– xmp125a
    Commented Jan 11, 2017 at 15:45

In principle, there's nothing stopping a paper from being published by a private individual. However, in many fields, the bar to realizing a publishable "quantum" of work is so large in terms of equipment or other resources required that there's virtually no chance of anyone without exceptional means could afford it.

That said, there's also nothing that requires a journal to accept a paper from a private individual, either. Journals regularly return papers without review; one criterion for accepting a paper could very easily be that the authors have affiliations witbh "verifiable" organizations.

However, once a paper has been forwarded for review, it should absolutely be reviewed on an equal basis to any other paper in the journal.

  • When it comes to many experiments in cognitive psychology (where you basically only use a computer monitor to present stimuli on), I would say that the equipment I own is better suited than what my department have. That is, I have a fast computer, with a big, high-resolution screen (not a CTR that is), and I have comfortable chairs (in comparison to old, squeaky chairs).
    – Speldosa
    Commented Feb 23, 2012 at 15:05
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    @Speldosa: That may be true—but I'm thinking more of sciences and engineering, where the analytical equipment can run into the tens or hundreds of thousands of dollars for cutting-edge devices.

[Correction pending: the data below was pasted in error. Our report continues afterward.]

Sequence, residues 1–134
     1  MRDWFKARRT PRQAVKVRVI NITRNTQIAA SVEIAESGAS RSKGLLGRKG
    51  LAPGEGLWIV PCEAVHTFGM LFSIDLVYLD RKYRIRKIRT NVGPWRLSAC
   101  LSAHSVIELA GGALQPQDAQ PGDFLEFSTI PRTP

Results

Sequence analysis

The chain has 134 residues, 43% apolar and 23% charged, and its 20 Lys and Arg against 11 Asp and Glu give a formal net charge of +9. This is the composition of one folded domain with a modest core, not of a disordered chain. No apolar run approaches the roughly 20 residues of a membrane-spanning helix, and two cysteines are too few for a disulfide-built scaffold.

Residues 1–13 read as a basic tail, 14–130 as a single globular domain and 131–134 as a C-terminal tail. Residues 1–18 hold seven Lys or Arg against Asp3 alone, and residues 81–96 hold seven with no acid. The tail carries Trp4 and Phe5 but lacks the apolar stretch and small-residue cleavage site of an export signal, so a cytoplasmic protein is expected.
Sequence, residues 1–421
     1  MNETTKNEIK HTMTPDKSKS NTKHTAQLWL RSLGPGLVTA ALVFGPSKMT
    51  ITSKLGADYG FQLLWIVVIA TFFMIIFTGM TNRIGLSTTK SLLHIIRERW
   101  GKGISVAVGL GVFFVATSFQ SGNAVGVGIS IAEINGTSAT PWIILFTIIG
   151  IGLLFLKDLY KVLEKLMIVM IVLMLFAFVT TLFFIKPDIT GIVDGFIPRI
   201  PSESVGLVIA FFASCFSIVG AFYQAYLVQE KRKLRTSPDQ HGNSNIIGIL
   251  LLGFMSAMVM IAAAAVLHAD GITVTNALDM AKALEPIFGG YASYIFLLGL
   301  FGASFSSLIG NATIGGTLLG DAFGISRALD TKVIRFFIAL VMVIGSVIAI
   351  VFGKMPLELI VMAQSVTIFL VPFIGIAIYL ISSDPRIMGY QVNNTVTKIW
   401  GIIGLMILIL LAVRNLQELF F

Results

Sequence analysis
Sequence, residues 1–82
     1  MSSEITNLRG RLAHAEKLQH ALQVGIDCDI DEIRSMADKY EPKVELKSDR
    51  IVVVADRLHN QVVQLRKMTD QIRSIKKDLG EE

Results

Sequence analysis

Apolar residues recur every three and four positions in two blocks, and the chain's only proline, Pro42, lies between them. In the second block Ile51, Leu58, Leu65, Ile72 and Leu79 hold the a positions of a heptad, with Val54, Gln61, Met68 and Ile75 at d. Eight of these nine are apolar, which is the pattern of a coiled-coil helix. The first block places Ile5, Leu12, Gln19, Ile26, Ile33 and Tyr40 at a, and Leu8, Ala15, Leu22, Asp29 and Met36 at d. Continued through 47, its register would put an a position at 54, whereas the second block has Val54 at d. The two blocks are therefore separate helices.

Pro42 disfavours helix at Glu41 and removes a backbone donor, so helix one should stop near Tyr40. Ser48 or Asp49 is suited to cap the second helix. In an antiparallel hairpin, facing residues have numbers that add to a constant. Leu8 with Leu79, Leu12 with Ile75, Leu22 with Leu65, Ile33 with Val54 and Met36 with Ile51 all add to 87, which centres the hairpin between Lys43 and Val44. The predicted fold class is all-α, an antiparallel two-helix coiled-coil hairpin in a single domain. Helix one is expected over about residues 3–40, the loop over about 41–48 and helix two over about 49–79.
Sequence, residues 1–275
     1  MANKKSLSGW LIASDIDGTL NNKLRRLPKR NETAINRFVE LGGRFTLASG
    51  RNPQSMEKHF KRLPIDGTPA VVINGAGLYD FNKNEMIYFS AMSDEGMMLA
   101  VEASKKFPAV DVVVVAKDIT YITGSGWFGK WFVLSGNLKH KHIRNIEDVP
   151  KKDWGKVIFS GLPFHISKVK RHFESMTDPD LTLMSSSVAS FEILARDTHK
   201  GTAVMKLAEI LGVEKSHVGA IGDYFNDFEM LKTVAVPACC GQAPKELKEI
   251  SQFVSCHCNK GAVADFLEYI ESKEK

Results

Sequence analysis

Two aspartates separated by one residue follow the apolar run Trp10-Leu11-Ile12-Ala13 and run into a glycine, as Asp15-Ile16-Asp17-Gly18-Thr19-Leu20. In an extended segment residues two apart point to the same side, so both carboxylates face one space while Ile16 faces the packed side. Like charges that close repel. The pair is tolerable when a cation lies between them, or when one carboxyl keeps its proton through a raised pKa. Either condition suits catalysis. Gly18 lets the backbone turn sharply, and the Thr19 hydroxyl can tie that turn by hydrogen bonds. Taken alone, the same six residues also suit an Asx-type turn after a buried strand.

– aeismail
    Commented Feb 23, 2012 at 15:36

In general, it should not matter who you are, it is the quality and importance of the work you do that should determine the publishability. With that said, it is true that it is a nontrivial task to write with the appropriate tone, have the needed citations, and conduct a solid research effort without formal training. My advice to you, should you be considering publishing in a technical area (if you are the carpenter in question), would be to find someone who works/publishes in the area with the aim of writing something together. Chances are they may have some good ideas on how to structure and present the work, how to formulate the basic hypotheses and ideas so that they will be palatable to the journal.


In the Humanities and Social Sciences there are no formal restrictions against submissions by members of the general public. Some journals are far more friendly to non-academic researchers, either due to editorial staff or a culture of supporting popular contributions to knowledge. (History from below and socialist research programmes in general have an openness to knowledge from outside the traditional academy).

The largest barriers to entry are of course the methods, language, evidence and "currency of research" required to conduct and produce research to scholarly standards.


If you want to appear in a motorsport magazine as a racing driver, you will need to belong to an approved team and comply with all the rules of the activity. If any requirement is missing, even if it is minimal, you will be left out.

Motorsport sponsors protect their interests and impose conditions. They can pay a lot for technical optimization and can pay pilots to spend all their time intensely training. So do the sponsors of science.

Do you listen to fans of motorsport complain about the imposition of conditions in the activity? Obviously there are no such complaints. Why then, who are out of scientific sponsorship, want to complain?

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    As it stands, I don't think this really answers the question. I think I can see where you're going with your analogue, but it seems to somewhat unrelated to the actual question.
    – Anyon
    Commented Jun 20, 2018 at 21:29